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Learning Javascript with Object Graphs (Part III)

Part I of this series explained basic object graphs and visually described references, closures, and basic inheritance in JavaScript. Part II compared different styles for doing object-oriented programming in JavaScript. Now in Part III we'll get creative and look as Ruby's object model and compare it to how JavaScript works. Also I'll show how to implement some Ruby style classes. JavaScript is a very flexible language and can support about any object model you want with enough understanding and creativity.

Why Ruby

Ok, I'll admit, I used to be a ruby guy. I didn't so much do rails, but I loved the ruby language. I read the pickaxe book, attended dallasrb, tried to start my own ruby based company, failed, and finally taught ruby to home-school kids.

Also I chose ruby because I've noticed that several newcomers to the node.js community come from ruby and other languages with similar object systems. They often have a hard time adjusting to the simple, but new semantics of a language that looks like C/Java/PHP, but acts more like Lisp/Closure/Self.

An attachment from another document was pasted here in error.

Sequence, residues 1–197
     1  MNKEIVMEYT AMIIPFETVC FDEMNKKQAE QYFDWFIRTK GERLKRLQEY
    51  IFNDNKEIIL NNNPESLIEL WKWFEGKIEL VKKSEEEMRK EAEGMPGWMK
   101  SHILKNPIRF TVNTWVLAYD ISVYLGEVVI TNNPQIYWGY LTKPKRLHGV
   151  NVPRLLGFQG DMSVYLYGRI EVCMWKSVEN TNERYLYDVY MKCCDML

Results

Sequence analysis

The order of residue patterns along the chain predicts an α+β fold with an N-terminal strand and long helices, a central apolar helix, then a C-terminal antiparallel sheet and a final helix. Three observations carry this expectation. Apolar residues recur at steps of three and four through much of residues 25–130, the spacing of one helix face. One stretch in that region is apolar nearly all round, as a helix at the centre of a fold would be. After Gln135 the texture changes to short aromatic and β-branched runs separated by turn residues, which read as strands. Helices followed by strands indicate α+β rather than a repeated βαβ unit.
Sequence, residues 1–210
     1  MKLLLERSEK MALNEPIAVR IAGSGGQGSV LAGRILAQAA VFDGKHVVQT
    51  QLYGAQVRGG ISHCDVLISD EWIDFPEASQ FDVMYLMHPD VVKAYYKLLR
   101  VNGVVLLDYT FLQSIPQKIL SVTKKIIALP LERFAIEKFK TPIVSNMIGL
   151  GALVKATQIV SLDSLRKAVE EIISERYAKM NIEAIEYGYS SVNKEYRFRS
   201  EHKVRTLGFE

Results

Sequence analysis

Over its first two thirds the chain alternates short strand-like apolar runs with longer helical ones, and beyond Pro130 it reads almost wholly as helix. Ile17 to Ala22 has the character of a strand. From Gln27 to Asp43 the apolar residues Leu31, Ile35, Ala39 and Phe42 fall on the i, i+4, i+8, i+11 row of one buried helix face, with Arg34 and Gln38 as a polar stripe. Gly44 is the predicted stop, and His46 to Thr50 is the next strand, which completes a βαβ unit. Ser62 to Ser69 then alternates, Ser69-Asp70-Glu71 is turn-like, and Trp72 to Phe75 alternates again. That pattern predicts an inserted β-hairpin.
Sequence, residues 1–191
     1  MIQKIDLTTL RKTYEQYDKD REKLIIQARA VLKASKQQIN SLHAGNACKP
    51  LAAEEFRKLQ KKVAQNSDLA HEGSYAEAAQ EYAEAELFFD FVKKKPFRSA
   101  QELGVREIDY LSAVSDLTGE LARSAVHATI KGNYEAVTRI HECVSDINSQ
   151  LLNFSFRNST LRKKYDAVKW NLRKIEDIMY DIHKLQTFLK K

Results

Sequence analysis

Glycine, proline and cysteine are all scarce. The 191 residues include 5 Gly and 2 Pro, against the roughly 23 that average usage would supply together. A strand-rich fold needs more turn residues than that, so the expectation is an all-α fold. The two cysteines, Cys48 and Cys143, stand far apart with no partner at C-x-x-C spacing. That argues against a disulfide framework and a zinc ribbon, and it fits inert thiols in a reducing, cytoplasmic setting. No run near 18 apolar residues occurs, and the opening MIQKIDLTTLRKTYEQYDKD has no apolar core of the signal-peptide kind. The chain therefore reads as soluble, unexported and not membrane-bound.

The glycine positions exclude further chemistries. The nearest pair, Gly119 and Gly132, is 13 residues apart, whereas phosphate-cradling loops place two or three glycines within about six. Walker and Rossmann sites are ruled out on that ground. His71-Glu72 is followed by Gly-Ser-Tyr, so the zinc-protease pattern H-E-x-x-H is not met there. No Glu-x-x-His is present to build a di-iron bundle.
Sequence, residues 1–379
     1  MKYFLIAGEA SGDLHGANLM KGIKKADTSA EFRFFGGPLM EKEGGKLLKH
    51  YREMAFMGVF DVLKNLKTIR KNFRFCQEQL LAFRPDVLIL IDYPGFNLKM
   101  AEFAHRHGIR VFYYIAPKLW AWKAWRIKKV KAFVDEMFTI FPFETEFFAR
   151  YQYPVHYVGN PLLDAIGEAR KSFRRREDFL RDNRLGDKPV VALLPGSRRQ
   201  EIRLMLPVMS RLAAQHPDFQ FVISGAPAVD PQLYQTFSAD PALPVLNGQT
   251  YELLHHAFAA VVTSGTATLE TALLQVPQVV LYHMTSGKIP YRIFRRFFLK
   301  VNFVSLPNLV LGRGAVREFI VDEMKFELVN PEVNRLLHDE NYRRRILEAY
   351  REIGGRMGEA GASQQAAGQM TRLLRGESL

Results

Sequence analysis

What are Objects

Both languages are object oriented languages. The difference is one subscribes to the stricter and slightly more complicated classical OO style while the other has a plain prototypal object system. In both languages all values are objects (or at least act like them). A ruby class is also an object who is an instance of the class Class. In JavaScript functions are also objects. In both primitive values like numbers and booleans are objects that contain methods/functions through their classes/prototypes. An object is simply a value that contains state and/or behavior through named channels. Objects provide encapsulation so that you can call obj.save() instead of having to use some external function and pass around all the state save(obj).

Methods versus Functions